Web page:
Mary (Light) Meader and Richard Light, heirs of the Upjohn Company Fortune, became famous world-wide with their unprecedented aerial pictures which they took during a 55 000 km long flight in South America and Africa. They took the earliest photographs of the Nasca lines in Peru. Their 223 African pictures were published in the book «Focus on Africa». Some pictures were taken in Zambia, in particular in the Namwala area. These pictures are like a supplement of the book «The Ila Speaking People of Northern Rhodesia» by Smith and Dale which was published in 1920. They also make one aware of how much has changed since that time and how much is still maintained.Original Text of Meader/Light: December 4, 1937. Namwala, N. Rhodesia: A general view of the little administrative post. This contains the district commissioner (then L. F. Leversedge and his wife and child), and a veterinary officer and his wife. There is also a Greek trader. The district commissioner’s house is the one nearest to the camera and a group of natives, mostly prisoners, occupy the huts in the central portion of the community. The Kafue River is on the right and the airport (a narrow, soft, sandy, landing strip) is on the upper left. These people are rather isolated from civilisation. All told in this district there are only 15 white people and their nearest communication is by a poor track to the railroad about 100 miles away. Three months of the year this is impassable and they are shut off from the rest of the world, except for when native runners manage to wade and swim through the morass created by the rain. At this time the Kafue River rises some 20 to 25 feet and all but floods out the little knoll on which they are living. 3700 feet, 7 :50h.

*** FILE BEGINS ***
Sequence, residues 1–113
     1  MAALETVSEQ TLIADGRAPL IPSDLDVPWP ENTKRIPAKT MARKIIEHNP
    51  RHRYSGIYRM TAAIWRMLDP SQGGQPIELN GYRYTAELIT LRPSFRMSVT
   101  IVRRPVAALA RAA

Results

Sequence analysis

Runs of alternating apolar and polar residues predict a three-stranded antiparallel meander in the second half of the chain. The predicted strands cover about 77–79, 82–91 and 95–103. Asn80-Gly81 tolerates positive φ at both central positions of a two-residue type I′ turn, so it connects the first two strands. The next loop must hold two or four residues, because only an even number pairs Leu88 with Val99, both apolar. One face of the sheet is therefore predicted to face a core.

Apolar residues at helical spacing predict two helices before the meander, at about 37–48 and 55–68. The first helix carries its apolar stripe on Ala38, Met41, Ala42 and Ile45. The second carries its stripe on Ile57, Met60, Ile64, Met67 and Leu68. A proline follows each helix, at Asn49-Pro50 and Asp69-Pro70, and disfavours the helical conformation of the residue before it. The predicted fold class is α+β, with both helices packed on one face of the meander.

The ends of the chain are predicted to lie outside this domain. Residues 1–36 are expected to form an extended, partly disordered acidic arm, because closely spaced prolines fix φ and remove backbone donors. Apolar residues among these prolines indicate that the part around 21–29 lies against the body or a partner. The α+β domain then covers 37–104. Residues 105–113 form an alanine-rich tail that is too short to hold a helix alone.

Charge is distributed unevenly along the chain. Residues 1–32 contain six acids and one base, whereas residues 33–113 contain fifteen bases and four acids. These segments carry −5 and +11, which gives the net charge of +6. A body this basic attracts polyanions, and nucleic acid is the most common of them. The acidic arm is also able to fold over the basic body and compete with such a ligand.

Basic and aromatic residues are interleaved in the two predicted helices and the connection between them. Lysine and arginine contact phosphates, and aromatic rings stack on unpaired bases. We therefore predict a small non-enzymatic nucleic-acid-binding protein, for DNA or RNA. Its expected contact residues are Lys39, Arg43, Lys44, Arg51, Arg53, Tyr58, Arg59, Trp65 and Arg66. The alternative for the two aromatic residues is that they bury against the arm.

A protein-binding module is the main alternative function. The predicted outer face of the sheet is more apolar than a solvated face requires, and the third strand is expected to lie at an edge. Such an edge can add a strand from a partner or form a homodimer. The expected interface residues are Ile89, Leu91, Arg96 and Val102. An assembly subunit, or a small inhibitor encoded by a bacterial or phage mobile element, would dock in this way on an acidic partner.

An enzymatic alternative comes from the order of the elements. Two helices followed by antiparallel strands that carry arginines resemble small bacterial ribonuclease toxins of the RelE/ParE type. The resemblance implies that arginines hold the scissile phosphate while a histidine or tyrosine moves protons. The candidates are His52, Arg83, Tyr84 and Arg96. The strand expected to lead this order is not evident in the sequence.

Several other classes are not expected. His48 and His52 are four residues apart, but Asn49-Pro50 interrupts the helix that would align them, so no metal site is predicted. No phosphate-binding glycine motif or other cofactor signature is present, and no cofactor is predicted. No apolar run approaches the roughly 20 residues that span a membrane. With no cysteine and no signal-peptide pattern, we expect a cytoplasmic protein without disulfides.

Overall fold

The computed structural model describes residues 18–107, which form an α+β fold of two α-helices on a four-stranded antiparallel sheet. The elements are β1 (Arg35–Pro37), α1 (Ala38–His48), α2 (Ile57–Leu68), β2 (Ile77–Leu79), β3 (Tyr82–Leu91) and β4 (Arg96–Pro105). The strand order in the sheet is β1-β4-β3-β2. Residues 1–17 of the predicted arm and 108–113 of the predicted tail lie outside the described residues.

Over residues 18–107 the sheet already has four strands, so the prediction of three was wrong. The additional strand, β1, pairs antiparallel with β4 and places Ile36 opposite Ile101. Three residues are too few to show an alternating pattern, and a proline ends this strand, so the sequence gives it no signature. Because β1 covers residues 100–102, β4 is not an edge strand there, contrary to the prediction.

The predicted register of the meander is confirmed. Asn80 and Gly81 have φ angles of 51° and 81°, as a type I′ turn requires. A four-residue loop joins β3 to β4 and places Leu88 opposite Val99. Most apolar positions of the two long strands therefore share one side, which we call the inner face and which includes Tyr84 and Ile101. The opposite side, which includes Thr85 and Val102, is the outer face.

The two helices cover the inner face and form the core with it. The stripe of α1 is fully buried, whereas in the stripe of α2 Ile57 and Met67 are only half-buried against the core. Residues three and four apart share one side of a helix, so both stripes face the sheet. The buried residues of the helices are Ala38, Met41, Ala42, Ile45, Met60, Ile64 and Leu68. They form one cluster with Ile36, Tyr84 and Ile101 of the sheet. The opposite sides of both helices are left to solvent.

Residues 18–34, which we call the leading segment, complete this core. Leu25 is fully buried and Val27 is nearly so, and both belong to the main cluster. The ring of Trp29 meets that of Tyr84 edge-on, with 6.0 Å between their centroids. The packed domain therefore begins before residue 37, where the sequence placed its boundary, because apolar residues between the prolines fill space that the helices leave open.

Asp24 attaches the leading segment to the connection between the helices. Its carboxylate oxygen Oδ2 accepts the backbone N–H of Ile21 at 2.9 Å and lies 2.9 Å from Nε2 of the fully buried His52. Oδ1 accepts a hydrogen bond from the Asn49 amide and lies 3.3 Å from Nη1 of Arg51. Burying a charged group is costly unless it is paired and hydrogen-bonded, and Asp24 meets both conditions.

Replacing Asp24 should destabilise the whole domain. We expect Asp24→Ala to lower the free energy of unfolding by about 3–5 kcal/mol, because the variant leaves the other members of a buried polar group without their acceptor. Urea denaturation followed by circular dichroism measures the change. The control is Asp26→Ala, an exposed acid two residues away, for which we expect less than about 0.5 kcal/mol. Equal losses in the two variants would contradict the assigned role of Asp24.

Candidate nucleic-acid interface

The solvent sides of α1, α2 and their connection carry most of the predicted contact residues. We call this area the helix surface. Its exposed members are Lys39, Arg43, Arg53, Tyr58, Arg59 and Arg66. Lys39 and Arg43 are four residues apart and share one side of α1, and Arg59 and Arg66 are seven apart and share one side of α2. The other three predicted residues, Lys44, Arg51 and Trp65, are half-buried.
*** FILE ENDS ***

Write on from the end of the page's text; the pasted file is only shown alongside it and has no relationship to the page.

Since the building of the Itezhi Tezhi dam the level is not this high any more. On the lower right one finds the site where the school was built 30 years later. Some details can still be found nowadays in Namwala: the tree alley in the middle of the picture. The house of the district commissioner in the foreground is still his residence. The airstrip also still exists.
This religious practice still exists in Baambwe, the village of the present Chief Mukobela, 10 miles east of Namwala. See the three pictures below:
Smith and Dale made a sketch of the Ila-villages. The resemblance with the pictures 25 years later are remarkable.
Nowadays the villages are no longer built like this because its protective function, especially against lions, is no longer needed. In those days lions were a constant threat. However, the pictures throw an interesting light on the history of the Baila.These pictures are from the movie «Untamed Africa» (1933) von Wynant Davis Hubbard, who lived a few years near Maala. It shows the typical circular arrangment of the huts and the threat by the lions. On the upper right one sees a lioness, which locals try to catch with their nets.
Meader and Light also took pictures of the Kafue flats, directly north of Namwala. They show an abundant game population, which explains the large number of lions.Original Text of Meader/Light: December 4, 1937. Kafue Flats: A closely grouped herd of buffalo moving out slowly as the shadow of the airplane crosses them. Numerous tick birds (cattle heron) hover above the animals. 3600 feet. 07:15h. Original Text of Meader/Light: December 4, 1937. Kafue Flats: Zebra running. 3400 feet. 16:20h. After the establishing of the boundaries of the Kafue National Park in 1956 the game herds were driven into the park. Only in the Lochinvar National Park in the eastern part of the Kafue flats can one find Lechwe herds. Since then the cattle owners have let their herds graze in the Kafue flats without the fear of being attacked by wild animals. It is very impressive to attend the cattle crossing of the Kafue.
Mary Light Meader and Richard Light landed on the sandy airstrip of Namwala and took pictures of life in the villages. These photographs could have been taken recently in the Namwala District resp in Zambia.
– Johannes van der Weijden